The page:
The Koboi Project centres on the question of identity and its relationship to authenticity. I dress as a cowboy, both in performance situations and in my private life. Indeed, I am very comfortable with this eccentricity of mine, so much so that, in some ways, I feel that I am a cowboy, albeit an urban cowboy who has never ridden a horse and has very little to do with cows. As a vegetarian, I do not even eat them. In my daily life, you could say it is my style. When I perform in Southeast Asia it stands for my return from the West. But what happens to the authenticity of my persona when I venture into real cowboy country.
Recently, at the Cloverdale Rodeo, I gained some insight into the nature of my Koboi persona and even the nature of cowboy persona itself. At the heart of the rodeo is the image of the pesky, spunky cowboy prevailing over the ornery Bronco, kicking and bucking to get him off its back. In my observation at Cloverdale, however, there seemed to be a little bit of a disconnect. Indeed, the horses buck violently, and the Cowboys hang on valiantly and skillfully, but are the horses bucking to get the cowboys off or are they bucking for some other reason? There is, in this context, a debate about the use of spurs and the application of pressure around the horse’s belly with what is called a flank strap. Some say the strap brings pain that causes the bucking and others that it merely gives form to the buck.
The BC SPCA says that the flank strap “applies pressure on their sensitive underbelly, causing discomfort. The rider also uses … spurs, to cause discomfort which leads to more bucking. While bucking is a natural behaviour of these animals, in rodeo it is a behaviour rooted in discomfort, not in play.” In other words, it is not as it appears, that the horse is bucking to get the rider off, but as a response to the discomfort caused by the flank strap. The cowboy’s art of hanging on is incidental or secondary to the main action. Proponents of rodeo however, counter with the argument that the horse bucks because it is in its nature and breeding to do so, and that the “flank strap alters the bucking action of the horse by encouraging him to kick out straighter and higher with his hind legs, thus making himself harder to ride. The flank strap stacks the odds in favor of the horse. It cannot make him buck.” With regard to the spurs, they insist that they are required to be blunt and spinning and that they also put the odds in favor of the horse, as the forward position of the feet required to spur the horse in the shoulders makes it much harder for the cowboy to stay on.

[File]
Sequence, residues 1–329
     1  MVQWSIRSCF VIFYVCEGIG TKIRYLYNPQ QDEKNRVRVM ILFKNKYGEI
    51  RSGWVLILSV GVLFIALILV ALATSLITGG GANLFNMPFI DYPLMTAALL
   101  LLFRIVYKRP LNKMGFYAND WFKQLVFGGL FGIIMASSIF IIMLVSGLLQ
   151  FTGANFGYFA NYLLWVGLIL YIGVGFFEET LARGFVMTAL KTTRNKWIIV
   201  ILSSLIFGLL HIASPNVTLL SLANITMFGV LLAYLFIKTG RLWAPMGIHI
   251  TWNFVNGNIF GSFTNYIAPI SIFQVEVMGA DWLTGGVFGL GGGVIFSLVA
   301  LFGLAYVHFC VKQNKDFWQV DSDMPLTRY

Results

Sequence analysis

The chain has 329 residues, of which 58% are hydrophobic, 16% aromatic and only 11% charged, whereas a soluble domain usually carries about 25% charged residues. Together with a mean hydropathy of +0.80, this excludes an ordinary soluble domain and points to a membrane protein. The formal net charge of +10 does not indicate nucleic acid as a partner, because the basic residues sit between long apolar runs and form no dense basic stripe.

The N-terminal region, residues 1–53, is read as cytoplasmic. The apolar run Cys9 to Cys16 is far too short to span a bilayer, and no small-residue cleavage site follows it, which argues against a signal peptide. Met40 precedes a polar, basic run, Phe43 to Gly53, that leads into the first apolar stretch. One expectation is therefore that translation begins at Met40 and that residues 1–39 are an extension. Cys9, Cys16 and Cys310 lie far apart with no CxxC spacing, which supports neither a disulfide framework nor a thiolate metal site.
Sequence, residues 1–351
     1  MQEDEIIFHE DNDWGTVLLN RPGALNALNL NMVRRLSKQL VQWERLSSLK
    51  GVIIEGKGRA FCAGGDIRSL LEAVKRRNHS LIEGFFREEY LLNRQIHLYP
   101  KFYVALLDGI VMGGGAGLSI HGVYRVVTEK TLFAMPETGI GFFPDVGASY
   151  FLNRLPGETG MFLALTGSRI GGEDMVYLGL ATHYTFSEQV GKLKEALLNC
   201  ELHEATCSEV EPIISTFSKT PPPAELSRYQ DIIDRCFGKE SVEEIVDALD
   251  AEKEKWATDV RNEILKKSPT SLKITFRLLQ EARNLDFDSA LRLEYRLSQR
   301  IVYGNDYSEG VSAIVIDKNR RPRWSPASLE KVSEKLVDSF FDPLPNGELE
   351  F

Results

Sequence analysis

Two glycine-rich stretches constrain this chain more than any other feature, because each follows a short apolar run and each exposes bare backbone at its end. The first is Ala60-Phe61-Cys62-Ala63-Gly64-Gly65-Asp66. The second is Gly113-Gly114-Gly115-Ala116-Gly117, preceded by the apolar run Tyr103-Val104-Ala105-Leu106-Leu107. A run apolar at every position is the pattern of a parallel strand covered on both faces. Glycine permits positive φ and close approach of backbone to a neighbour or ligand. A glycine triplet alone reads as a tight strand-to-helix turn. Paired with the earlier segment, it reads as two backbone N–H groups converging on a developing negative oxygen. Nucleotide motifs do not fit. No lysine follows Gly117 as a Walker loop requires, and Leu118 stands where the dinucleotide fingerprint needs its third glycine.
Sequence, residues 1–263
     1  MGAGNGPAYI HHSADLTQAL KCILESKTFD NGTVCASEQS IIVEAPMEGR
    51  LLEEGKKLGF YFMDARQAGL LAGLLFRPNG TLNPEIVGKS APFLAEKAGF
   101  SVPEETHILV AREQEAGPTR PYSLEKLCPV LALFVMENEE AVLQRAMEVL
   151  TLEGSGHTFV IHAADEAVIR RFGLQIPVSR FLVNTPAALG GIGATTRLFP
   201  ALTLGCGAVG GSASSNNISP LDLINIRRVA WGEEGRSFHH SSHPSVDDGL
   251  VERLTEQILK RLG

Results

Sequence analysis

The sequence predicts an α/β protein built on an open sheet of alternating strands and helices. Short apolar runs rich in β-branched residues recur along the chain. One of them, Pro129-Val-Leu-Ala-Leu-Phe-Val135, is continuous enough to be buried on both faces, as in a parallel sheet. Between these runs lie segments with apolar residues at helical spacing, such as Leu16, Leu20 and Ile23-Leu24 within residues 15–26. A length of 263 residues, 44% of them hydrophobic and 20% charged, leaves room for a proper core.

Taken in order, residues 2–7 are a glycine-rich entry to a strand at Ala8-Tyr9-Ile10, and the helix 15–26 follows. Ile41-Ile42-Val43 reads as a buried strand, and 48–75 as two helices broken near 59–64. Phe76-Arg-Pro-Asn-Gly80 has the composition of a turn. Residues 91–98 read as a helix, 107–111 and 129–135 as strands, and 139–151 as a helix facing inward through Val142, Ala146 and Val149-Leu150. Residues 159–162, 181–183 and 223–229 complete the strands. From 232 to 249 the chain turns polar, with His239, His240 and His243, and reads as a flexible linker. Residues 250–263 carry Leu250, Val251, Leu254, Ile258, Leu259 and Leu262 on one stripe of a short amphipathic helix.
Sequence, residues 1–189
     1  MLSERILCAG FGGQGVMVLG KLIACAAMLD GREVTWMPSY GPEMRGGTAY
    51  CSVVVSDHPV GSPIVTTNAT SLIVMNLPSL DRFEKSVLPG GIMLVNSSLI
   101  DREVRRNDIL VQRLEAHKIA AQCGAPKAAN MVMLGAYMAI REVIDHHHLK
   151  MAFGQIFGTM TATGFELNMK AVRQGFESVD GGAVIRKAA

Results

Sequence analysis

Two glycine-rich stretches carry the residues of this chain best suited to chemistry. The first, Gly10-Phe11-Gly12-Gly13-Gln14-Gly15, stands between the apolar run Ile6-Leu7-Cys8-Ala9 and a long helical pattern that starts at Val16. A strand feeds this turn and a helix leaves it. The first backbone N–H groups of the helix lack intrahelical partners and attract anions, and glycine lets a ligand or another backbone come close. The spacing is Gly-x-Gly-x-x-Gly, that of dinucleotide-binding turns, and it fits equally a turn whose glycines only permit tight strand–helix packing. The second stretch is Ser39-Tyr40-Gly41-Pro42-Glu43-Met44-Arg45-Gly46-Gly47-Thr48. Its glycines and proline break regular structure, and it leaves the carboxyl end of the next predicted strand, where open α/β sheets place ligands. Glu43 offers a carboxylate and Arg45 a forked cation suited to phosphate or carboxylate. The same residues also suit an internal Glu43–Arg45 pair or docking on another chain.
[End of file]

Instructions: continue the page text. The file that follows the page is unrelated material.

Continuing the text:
Even within the proponents’ terms, it can not be denied that there is a sense that the bucking is being induced and conditioned independently of the horse’s impulse to get the rider off its back. The horse is just bucking independantly and the rider holds in an illusion of relationship. The question of cruelty aside, the rodeo cowboy’s ride is a performance, and not unlike my own Koboi performance, an artifice or fiction of sorts.
You must be logged in to post a comment.